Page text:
Gliniewicz death investigators to coroner: Stop talking
Officials investigating the death of Fox Lake police Lt. Charles Joseph Gliniewicz warned Lake County Coroner Dr. Thomas Rudd to stop releasing unconfirmed information that could "jeopardize" their case.
In a joint statement Thursday, Lake County Major Crime Task Force Cmdr. George Filenko and Lake County Undersheriff Ray Rose said Rudd's release of information to the media is "completely outside of policy, procedure, protocols, and are completely unprofessional."
Rudd has not contacted investigators before releasing information, Filenko said in the release.
"Doctor Rudd, releasing information which is sensitive to this investigation, puts the entire case at risk," Filenko said. "All of the progress made since this tragic incident is potentially in jeopardy."
Rudd did not return phone calls seeking comment.
The statement comes after Rudd told media outlets Gliniewicz died because of a single "devastating" gunshot wound. He refused to say where the shot was or whether the veteran officer was hit with other shots, but he later told other media outlets Gliniewicz was shot in the torso.
Rudd also said he hasn't issued a final report on the manner of death -- homicide, suicide or accident -- because he hasn't received a final report on the investigation from the Lake County Major Crimes Task Force. He said he is leaning toward ruling the case a homicide, but he added the evidence he has now is incomplete.
And in at least one media report, Rudd questioned how a killer could get close enough to attack Gliniewicz, who had served in the military and was a longtime police officer.
"It is outrageous Doctor Rudd would speculate as to Lieutenant Gliniewicz's fighting abilities with absolutely no foundation or basis as to what took place at the crime scene," Rose said of the report.
Releasing sensitive case information while an investigation is underway is "completely irresponsible," Rose said.
In a news conference later Thursday, Lake County sheriff's spokesman Chris Covelli joined Filenko in reiterating that further details are not ready to be released to the public.
"There are still crucial pieces of evidence being analyzed by the crime lab where we don't have results, and we're not close to the point of reaching the conclusion," Covelli said.
It's been more than a week since Gliniewicz, a 30-year police veteran, was found dead of a gunshot wound at the east end of Honing Road, and investigators said they are continuing to search for three suspects.
Gliniewicz, 52, radioed a dispatcher that he saw three men -- two white and one black -- acting suspiciously at 7:52 a.m. Sept. 1, authorities said. He called back three minutes later saying the men ran into a swampy area and that he was in a foot chase and needed backup.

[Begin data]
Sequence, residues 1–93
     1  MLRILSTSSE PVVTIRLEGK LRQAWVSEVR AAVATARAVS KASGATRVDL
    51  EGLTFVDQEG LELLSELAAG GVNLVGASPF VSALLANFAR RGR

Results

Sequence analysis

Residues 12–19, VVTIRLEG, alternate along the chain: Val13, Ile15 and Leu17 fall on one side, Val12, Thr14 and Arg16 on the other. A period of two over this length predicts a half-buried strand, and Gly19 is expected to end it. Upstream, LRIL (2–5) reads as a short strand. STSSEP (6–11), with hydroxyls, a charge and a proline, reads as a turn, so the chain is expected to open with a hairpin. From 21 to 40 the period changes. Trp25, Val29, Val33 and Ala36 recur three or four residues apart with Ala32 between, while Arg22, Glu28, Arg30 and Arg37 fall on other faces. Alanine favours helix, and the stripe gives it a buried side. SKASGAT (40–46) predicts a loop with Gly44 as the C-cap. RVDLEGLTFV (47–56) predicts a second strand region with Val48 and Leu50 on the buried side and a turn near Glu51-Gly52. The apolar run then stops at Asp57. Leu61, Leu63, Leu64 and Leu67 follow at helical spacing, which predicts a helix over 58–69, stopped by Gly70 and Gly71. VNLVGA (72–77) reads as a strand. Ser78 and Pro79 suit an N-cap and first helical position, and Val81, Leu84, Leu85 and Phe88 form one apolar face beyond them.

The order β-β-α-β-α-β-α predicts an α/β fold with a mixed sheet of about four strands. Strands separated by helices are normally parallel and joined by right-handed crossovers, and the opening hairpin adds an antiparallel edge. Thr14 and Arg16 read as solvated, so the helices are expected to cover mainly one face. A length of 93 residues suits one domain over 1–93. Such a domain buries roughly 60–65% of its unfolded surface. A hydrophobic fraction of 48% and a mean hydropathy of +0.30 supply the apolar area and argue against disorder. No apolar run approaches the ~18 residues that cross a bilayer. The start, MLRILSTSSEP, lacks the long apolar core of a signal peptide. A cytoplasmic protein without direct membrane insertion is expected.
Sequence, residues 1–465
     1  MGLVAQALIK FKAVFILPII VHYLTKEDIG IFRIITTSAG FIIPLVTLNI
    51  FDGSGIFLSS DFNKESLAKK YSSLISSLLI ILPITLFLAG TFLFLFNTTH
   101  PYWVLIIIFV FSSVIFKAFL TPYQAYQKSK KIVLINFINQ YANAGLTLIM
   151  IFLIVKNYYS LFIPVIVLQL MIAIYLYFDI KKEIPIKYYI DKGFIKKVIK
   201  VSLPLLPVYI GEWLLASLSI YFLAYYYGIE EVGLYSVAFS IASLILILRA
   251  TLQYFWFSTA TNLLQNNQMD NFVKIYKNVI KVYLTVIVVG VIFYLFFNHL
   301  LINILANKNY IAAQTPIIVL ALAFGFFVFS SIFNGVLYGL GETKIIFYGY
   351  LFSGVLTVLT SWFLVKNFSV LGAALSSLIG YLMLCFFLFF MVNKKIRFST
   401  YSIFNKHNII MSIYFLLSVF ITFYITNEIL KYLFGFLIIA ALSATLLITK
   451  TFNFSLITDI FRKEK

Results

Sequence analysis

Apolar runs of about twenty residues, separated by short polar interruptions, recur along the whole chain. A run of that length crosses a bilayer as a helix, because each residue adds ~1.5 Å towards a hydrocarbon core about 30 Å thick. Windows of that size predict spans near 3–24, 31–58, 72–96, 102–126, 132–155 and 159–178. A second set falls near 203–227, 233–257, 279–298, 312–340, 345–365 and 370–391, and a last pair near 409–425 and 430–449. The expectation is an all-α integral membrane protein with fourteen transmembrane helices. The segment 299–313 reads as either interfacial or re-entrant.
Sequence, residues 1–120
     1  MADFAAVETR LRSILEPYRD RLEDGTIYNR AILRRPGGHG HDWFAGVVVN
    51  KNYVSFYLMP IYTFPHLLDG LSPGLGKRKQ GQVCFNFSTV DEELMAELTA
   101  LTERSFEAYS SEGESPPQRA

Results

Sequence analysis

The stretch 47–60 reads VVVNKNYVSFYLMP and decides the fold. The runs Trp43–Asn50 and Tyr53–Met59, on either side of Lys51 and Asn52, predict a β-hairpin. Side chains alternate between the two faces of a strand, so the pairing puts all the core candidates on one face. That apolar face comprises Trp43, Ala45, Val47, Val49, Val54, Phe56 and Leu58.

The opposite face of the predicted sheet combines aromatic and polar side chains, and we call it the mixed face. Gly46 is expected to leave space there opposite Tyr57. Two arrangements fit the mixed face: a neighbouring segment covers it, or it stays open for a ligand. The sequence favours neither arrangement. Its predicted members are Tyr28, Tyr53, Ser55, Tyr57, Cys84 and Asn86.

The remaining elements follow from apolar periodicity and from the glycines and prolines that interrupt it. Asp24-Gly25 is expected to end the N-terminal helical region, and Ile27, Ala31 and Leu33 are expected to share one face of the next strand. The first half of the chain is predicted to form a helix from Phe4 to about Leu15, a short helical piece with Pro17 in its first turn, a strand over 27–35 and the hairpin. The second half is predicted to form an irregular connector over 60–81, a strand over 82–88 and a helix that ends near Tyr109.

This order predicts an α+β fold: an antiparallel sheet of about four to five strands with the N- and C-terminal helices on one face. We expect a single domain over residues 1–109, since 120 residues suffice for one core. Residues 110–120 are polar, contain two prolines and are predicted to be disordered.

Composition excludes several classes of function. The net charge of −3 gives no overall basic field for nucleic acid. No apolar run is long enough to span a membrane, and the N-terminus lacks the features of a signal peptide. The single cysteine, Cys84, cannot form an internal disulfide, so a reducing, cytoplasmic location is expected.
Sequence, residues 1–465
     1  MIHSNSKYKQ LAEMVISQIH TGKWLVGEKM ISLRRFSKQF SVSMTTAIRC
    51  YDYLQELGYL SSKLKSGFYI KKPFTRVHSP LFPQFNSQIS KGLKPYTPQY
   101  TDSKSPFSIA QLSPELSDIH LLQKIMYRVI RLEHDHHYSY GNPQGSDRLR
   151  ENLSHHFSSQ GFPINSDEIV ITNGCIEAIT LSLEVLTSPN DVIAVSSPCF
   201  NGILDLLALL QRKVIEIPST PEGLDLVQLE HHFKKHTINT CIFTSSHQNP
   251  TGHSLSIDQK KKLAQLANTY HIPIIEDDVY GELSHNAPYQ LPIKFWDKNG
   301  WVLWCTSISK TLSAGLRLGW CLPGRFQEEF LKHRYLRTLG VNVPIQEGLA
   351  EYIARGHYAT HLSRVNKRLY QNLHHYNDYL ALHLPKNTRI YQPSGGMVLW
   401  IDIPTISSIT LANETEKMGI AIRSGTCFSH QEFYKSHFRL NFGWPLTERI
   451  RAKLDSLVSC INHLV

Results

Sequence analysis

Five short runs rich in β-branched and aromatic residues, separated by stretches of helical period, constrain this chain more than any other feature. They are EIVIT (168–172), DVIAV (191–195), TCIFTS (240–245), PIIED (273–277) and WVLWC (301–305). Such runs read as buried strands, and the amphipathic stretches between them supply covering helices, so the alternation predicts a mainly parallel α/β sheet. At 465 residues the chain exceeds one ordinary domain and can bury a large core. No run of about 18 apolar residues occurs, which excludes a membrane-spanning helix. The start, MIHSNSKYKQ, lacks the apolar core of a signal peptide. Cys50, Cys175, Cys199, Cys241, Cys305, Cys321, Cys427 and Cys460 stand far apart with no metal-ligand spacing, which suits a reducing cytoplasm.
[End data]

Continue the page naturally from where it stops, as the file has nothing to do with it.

Officers found Gliniewicz 14 minutes later, about 50 yards from his vehicle. He was pronounced dead at 8:25 a.m., authorities said.
Filenko previously confirmed Gliniewicz's .40-caliber handgun was recovered at the scene, but he has refused to comment on any evidence recovered with the weapon. He has refused to say whether Gliniewicz was killed with his own gun and where he was hit. He also has refused to discuss details about whether other fingerprints or DNA were recovered from the weapon and where it was found.
On Thursday, authorities confirmed more than one gunshot was fired at the scene, but they provided no additional details.
Investigators announced this week that a touch DNA strand determined to be from someone other than Gliniewicz was recovered at the scene by evidence technicians. The evidence has been sent to the crime lab for study.
Fox Lake village officials said Thursday that Gliniewicz's death was not linked to an internal police department investigation, as some have speculated.
Mayor Donny Schmit said that investigation stemmed from a December incident involving a police officer in the Fox Lake jail. Schmit said Gliniewicz was not the police officer involved or the commander investigating the complaint.
"Lieutenant Gliniewicz was not part of the internal investigation, had absolutely nothing to do with the incident in question, and was not due to be charged, placed on suspension, or even interviewed as part of the investigation," Schmit said. "These two incidents are not linked in any way at all."
He said one officer remains on paid administrative leave due to the internal investigation. Former Fox Lake Police Chief Mike Behan retired while the internal investigation was taking place. The village will turn over its findings to any appropriate agencies when the internal investigation is complete, Schmit said.
Fox Lake officials also initiated "an inventory review" of police processes, procedures, supplies, facilities, vehicles and available equipment after Behan's retirement, officials said in a statement. The review was to gather information about operations and assets to aid in a smooth transition to a new police chief.
The "clean slate" review is standard and is considered a best practice whenever there is a change in leadership at a law enforcement agency, officials said. Gliniewicz assisted in the review but was not leading it, officials said.
Schmit said he has been troubled by reports speculating Gliniewicz's cause of death. Gliniewicz was set to retire at the end of September.
"At this point in time I have absolutely no reason to believe this was anything other than a heinous murder of our officer," Schmit said. "Anyone who knew Joe Gliniewicz would know the accusations being made are completely unfounded. He was an outstanding officer, and a credit to our community who was looking forward to his retirement and continuing his work with the Explorers."